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  • The National Recovery Study

    Posted on June 11, 2018
    by Tom Horvath, PhD, ABPP The US media often presents stories about substance problems. However, there are fewer stories about how individuals resolve these problems. The National Recovery Study (Kelly, Bergman, Hoeppner, Vilsaint, & White, 2017) was an effort to estimate how many in the US have resolved substance problems, and how they did so. This landmark study merits more attention. What We Already Knew 1) Many individuals who previously had substance problems resolved them on their own (“unassisted recovery”), without being involved in treatment, medication, mutual help or other recovery services (“assisted recovery”). Unassisted recovery is also termed natural recovery, or self-guided change (Bishop, 2018). 2) Many of the individuals in unassisted recovery do not consi...
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  • Addiction Treatment Can be Harmful

    Posted on May 22, 2018
    by Tom Horvath, Ph.D., ABPP. Clients often attempt to choose addiction treatment carefully. Typically, they search for a “program” suitable to their problems, at least as they understand their problems. Unfortunately, most clients are uneducated about addiction. They are not professionals, and the addiction treatment industry and media often present inaccurate information. Consequently, clients can end up in facilities that harm them rather than help them, primarily because in these facilities substandard practices are common (U.S. Department of Health and Human Services, Office of the Surgeon General, 2016). Almost daily in our offices at Practical Recovery we hear about what goes wrong in addiction treatment. Here are some examples. Treatment sessions are not conducted by psychoth...
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  • AA, SMART, LifeRing and WFS Found Comparably Effective

    Posted on March 5, 2018
    by Tom Horvath, Ph.D. According to a new ground-breaking study, individuals attending SMART, LifeRing and WFS now have scientific support for their choice to attend these groups. As with all new scientific findings, we have a reached a new vantage point from which to consider both next research efforts, and the clinical implications of what we now perceive more clearly. Before considering the clinical implications, let’s remind ourselves that any single finding is subject to re-interpretation in the light of new findings. However, this finding has many precedents, and therefore is not especially “single” or divergent. Although not a controlled trial, Atkins and Hawdon (2007) found individuals in multiple mutual help groups to obtain similar outcomes. In psychotherapy resear...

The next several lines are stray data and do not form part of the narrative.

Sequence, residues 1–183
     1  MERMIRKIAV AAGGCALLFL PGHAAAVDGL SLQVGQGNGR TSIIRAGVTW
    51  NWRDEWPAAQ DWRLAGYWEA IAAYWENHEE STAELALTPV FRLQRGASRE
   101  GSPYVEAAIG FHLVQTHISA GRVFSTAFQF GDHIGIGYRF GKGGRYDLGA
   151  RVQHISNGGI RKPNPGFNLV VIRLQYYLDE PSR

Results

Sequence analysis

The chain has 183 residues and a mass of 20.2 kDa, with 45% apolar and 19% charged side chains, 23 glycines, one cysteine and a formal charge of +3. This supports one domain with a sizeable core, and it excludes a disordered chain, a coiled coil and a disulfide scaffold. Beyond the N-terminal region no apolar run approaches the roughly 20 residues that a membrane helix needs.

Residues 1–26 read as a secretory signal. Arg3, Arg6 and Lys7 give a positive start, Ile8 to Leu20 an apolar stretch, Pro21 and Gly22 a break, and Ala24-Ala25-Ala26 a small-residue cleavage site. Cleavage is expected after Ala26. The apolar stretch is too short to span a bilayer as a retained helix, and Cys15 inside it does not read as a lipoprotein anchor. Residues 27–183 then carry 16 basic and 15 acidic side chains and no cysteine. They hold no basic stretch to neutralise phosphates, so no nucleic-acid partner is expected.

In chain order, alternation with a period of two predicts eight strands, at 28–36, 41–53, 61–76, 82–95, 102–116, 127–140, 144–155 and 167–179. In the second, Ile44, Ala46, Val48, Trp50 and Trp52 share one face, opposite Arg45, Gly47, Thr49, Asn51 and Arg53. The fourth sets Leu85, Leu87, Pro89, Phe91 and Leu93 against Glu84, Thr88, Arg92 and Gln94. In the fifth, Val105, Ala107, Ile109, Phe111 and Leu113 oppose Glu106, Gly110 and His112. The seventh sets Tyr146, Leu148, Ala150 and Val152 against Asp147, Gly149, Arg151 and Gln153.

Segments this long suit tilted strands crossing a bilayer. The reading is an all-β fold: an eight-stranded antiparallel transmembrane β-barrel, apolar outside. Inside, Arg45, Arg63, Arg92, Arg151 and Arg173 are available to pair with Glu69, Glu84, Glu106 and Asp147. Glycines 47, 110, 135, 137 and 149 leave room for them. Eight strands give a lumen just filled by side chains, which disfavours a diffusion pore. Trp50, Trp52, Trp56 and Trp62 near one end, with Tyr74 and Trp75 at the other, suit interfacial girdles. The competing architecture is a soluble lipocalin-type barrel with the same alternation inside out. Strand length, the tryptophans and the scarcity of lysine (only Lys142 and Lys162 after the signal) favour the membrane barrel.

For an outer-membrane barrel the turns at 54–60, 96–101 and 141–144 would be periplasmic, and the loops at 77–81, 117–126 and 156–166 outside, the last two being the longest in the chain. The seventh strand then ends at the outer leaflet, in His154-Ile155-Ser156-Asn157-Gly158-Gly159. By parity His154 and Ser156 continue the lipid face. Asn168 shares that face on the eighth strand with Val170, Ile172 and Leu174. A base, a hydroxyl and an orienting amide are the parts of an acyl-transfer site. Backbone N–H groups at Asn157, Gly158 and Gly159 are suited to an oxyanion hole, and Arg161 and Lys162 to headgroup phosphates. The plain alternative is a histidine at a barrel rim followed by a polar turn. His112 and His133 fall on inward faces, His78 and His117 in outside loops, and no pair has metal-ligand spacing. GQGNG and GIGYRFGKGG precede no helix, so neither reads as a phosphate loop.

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  • The Opiate Epidemic: Solving the Crisis

    Posted on August 25, 2017
    How to Solve the Opioid Crisis by Thaddeus Camlin, Psy.D. In an age when Americans agree on few things, an issue that unites us toward a common goal could be deeply and profoundly healing. On the costs of the opioid crisis in America, there is little disagreement. People from both sides of the aisle, all walks of life, and every socio-economic stratum are affected by the opioid epidemic. Even President Trump and former President Obama agree on this issue, with the former recently calling (but not officially declaring) the opioid crisis a national emergency and the latter recognizing it as an epidemic. While many agree the opioid crisis is a major problem, there is a need for increasing clarity and agreement on how to solve it. Officially Declare a National Emergency The first step...
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  • The War on Drugs: History and Implications

    Posted on May 5, 2017
    The War on Drugs: History and Implications by Thaddeus Camlin, Psy.D. The Politics of Consciousness Few political issues today are sources of unity and shared vision.  Politics has become vehemently binary to the point that extremes on both sides see opposing views as subhuman.  In the current climate of ‘us and them,’ drugs may be one of the few remaining topics that many people from both sides of the aisle can agree upon.  Ending the drug war aligns with advocates for limited government, human rights, conservative economics, and liberal social policy.  However, as the war drums currently pound for a renewed call to arms in an impossible war, an in-depth analysis of the war on drugs is important for anyone who chooses to use  substances or knows someone who does. This article di...